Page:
Guy Boucher mixed up his lines a lot, but Kadri and Marner carried 85% of the shot attempts in the nine minutes of 5v5 ice time up against Mark Stone. It will be interesting to see how this line performs against the Stamkos line on Monday. The Kadri line kept them quiet last time — before the switch with Komarov down to L4 and Marner up — but didn’t generate much offensively. It should be a good test.
On the Buy, Sell or Hold Debate
The idea that the Leafs should sell at the deadline has some sound reasoning to it as a legitimate — if unconventional — plan of attack: The goal isn’t to just get in and hope everything breaks your way, it’s to set the team up for a legitimate Cup-contending window that’s five-to-ten years in length.
Ultimately, I don’t expect it to happen, and without knowing what kind of trade returns might be out there on JVR and Tyler Bozak, I likely wouldn’t do it if I was Lou Lamoriello, either.
The Leafs are currently 33-19-5 and tied for sixth in the NHL (eighth in points percentage). Their playoff cushion is inflated by their weak division (weak as far as teams 4-8), but it’s important to remember they haven’t exactly torn up said weak division – they are currently 7-5-1 against the Atlantic.
A big part of that is that they haven’t played the Panthers, Sabres, Red Wings or Canadiens all that much. They’ve got 11 games remaining against those four teams, including four against Buffalo and three against Florida (two against Montreal and Detroit). If they can make hay in those 11 games against the bottom end of the Atlantic Division – keeping in mind all four teams should also sell off some pieces at the deadline – and win their final matchup against Boston, chasing down home-ice advantage isn’t totally out of the question yet.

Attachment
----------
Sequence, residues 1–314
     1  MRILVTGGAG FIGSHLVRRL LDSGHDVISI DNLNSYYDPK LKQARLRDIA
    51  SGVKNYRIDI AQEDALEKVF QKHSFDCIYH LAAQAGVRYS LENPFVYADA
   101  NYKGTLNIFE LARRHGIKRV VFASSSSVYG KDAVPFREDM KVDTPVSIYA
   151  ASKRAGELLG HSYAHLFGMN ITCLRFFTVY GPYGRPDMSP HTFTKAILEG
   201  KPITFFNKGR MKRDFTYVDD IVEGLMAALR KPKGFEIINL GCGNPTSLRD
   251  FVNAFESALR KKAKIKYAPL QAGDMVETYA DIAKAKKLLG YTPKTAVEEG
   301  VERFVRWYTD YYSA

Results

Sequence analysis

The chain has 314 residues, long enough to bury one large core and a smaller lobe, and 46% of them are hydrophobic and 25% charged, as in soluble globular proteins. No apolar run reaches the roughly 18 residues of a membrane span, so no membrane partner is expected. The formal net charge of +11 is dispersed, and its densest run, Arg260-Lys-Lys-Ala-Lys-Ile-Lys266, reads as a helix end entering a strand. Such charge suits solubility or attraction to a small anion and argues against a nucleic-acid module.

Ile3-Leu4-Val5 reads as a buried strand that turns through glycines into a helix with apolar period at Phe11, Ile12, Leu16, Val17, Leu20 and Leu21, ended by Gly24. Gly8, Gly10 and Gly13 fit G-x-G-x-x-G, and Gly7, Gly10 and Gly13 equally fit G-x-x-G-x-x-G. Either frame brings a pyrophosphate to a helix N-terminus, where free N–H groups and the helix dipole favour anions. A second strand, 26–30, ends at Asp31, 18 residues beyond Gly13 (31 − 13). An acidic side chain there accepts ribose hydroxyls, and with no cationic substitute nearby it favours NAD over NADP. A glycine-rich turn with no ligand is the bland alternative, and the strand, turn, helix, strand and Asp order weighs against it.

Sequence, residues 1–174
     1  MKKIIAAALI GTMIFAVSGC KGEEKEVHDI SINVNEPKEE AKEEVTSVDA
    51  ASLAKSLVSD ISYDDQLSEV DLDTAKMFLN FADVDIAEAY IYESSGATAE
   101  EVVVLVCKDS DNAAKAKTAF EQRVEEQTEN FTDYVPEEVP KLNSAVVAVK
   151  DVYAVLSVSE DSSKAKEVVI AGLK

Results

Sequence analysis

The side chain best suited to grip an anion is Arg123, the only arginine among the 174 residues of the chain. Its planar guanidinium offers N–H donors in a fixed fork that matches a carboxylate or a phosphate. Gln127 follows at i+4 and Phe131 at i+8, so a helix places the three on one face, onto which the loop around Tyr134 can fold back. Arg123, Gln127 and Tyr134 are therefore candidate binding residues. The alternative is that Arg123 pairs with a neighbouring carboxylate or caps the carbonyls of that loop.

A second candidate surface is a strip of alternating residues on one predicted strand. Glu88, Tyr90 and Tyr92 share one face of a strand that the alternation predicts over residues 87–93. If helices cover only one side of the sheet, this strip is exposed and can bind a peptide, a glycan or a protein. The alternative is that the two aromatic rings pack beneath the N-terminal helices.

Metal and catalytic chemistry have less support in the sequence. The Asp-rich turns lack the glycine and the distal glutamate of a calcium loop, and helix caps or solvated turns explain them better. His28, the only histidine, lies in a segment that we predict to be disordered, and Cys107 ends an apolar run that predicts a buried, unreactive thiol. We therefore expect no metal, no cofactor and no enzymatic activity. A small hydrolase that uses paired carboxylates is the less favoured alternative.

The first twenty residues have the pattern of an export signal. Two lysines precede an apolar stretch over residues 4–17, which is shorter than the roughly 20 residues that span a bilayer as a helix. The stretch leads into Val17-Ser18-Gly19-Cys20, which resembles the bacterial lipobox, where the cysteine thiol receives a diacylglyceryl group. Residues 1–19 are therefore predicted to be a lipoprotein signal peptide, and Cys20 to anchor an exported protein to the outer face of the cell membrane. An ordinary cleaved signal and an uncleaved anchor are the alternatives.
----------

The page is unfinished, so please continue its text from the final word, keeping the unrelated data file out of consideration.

The Leafs are a very deep team up front and are currently healthy. Frederik Andersen has been a top-five goalie this year and doesn’t look likely to slow down. There are also no guarantees in the modern-day NHL — the Leafs are tied for sixth in the NHL and are currently eight points ahead of the 17th-place team. A few key long-term injuries, a down year from Andersen (which happens to even really good goalies now and then), and suddenly you’re back in the mushy-middle pack of teams for whom either missing the post-season dance or punching your playoff ticket is going to come right down to the wire.
It’s true the St. Louis Blues sold in a playoff position last season with the Kevin Shattenkirk deal and ended up getting the best of both worlds – a good trade return to boost the future (a first, a couple of conditional picks, other spare parts), a third-seed divisional playoff spot, and a first-round win over Minnesota. But they were 18th in the NHL at the deadline, one point clear in the final wildcard spot. They were a veteran team with Cup aspirations entering the season and had drafted in the first round twice in their previous four drafts.
The Leafs, meanwhile, are tied for sixth in the NHL, with a 20-point cushion and a pretty favourable schedule in the final 35 games. Their core is largely 23 and under, their AHL affiliate is a juggernaut, and they’ve made 33 picks in their last four drafts, including a first overall, a fourth overall, an eighth overall and a 17th overall. They’ve currently got a full complement of picks entering the 2018 draft, including their own first and two seconds.
I’m not advocating for aggressively buying and trading away first-round picks at the deadline. But the Leafs are very likely going to hold steady — more or less, save for perhaps a veteran add at C or D to bolster depth — and see what they can do here. That’s perfectly logical for a team in their position.